Most people get plenty of iodine. Because of the complex way iodine can affect the thyroid, you should not take iodine supplements unless your doctor tells you to. Iodine may be used for the following conditions:
Oral mucositis (oral inflammation)
Some evidence suggests that an iodine mouth rinse may reduce symptoms of mucositis in the mouth related to chemotherapy or radiation therapy.
Fibrocystic breast changes
Some evidence suggests that iodine may help treat fibrocystic breast disease. Women with fibrocystic breast disease have breast tenderness, particularly just before their periods. A review of clinical studies found that iodine replacement therapy (particularly for those with low levels of iodine) may improve the tenderness associated with fibrocystic breast tissue. The women taking iodine experienced very few side effects.
Some women with chronic vaginal symptoms use over-the-counter (OTC) iodine douches to reduce vaginal inflammation as well as itching and discharge. Povidone-iodine has the advantage of iodine without the disadvantages of stinging and staining.
Iodine is often used to disinfect the skin and clean wounds. Doctors frequently use ointments containing iodine on burns to lower the risk of infection.
Potassium iodine can be taken after someone is exposed to radiation to reduce the amount of radioactive iodine that accumulates in the thyroid. This action reduces the risk of thyroid cancer from radiation exposure, but it does not protect against other complications from radiation.
Prevention of goiter
Goiter, or enlargement of the thyroid, can result from iodine deficiency. However, too much iodine can also cause goiter. Goiter due to iodine deficiency is rare in developed countries.
Iodized salt is the main source of iodine in the diet. Plant and animal sea life, such as shellfish, white deep-water fish, and brown seaweed kelp, absorb iodine from the water and are great sources of iodine. Garlic, lima beans, sesame seeds, soybeans, spinach, Swiss chard, summer squash, and turnip greens are also good sources of iodine. Bakeries may also add iodine to dough as a stabilizing agent, making bread another source of iodine.
Sodium iodide (iodine) is available as part of a multivitamin/mineral combination, or as a topical treatment for wounds. Iodine can also be found in dietary supplements containing seaweeds such as kelp and bladderwrack.
How to Take It
The National Institute of Medicine Adequate Intake (AI) levels are as below:
- Infants, ages 0 to 6 months: 110 mcg (micrograms) per day
- Infants, ages 7 months to 1 year: 130 mcg per day
RDA (Recommended Dietary Amounts) have been established for children and adults.
- Children, ages 1 to 8 years: 90 mcg per day
- Children, ages 9 to 13 years: 120 mcg per day
- Children, ages 14 to 18 years: 150 mcg per day
- Ages 18 years and up: 150 mcg per day
- Pregnant females: 220 mcg per day
- Breastfeeding women: 290 mcg per day
The following are Tolerable Uptake Intake Levels (UL), the highest level of daily intake that is not likely to result in side effects:
- Children, 1 to 3 years: 200 mcg per day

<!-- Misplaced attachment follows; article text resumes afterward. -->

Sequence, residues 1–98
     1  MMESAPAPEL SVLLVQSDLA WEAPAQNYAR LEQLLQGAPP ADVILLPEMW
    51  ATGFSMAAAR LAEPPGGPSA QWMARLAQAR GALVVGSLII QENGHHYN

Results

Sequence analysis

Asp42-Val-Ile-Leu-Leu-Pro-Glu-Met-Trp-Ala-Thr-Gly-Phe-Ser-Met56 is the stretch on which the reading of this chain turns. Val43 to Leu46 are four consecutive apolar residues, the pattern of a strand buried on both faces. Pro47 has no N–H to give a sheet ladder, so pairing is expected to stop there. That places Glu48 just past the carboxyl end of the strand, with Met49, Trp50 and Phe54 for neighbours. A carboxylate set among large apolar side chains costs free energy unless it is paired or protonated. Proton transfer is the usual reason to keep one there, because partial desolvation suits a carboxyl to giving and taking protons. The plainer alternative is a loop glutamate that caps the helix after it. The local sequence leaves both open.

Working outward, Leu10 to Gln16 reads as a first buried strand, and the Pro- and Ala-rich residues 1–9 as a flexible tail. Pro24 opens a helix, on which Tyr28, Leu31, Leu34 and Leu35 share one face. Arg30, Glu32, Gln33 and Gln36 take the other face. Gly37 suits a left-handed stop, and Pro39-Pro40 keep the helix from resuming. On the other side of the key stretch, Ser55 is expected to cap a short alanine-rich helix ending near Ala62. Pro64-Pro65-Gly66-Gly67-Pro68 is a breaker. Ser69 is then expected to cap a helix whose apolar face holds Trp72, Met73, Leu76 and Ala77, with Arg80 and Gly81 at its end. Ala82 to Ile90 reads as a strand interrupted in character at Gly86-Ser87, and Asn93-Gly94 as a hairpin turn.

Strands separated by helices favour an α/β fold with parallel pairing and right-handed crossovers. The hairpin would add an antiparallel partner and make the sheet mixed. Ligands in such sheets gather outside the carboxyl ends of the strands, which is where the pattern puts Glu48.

- Children, 4 to 8 years: 300 mcg per day
- Children, 9 to 13 years: 600 mcg per day
- From 14 to 18 years (including pregnant and breastfeeding women): 900 mcg day
- For adults, older than 19 (including pregnant and breastfeeding women): 1,100 mcg per day
Wounds or burns: Follow your doctor's instructions. Iodine is applied topically to the skin to prevent and treat infections from wounds and burns.
Because of the potential for side effects and interactions with medications, you should take dietary supplements only under the supervision of a knowledgeable health care provider.
High doses of iodine may block the production of thyroid hormones, causing hypothyroidism (low thyroid hormone levels) in someone with otherwise normal thyroid function. Too much iodine can also increase the risk of other thyroid diseases, such as Hashimoto disease, Graves disease, certain thyroid cancers, and thyrotoxicosis (a dangerous condition involving a large amount of thyroid hormones in the bloodstream). For these reasons, you should not take iodine supplements without first talking to your doctor.
Taking more iodine per day than you usually get from table salt, or about 160 to 600 mcg, may be harmful. Daily intake of 2,000 mcg iodine may be toxic, particularly in people with kidney disease or tuberculosis.
Routine thyroid function tests should be done on infants treated with topical iodine.
People with thryoid disease may be particularly susceptible to ill effects of iodine. People with dermatitis herpetiformis can have a worsening of symptoms when taking iodine.
If you are being treated with any of the following medications, you should not take iodine without first talking to your health care provider:
Antithyroid drugs: Use of antithyroid drugs, including propylthiouracil (PTU), and iodide may increase the hypothyroid effect of iodides.
Lithium: Use of potassium iodide and lithium (Lithobid) may cause hypothyroidism.
Warfarin: Use of potassium iodide (for hyperthyroidism) with warfarin (Coumadin, a blood-thinning drug) may make warfarin less effective.
High blood pressure medication (ACE inhibitors and angiotensin receptor blockers [ARBs]): Many iodine supplements contain potassium. When used with ACE inhibitors and ARBs, iodine may result in an increased level of potassium in the body, which may be dangerous.
Potassium-sparing diuretics: Since many iodine supplements contain potassium, concurrent use may result in dangerously high levels of potassium.
Amiodorone: Concurrent use with iodine supplements may result in dangerously high levels of iodine.
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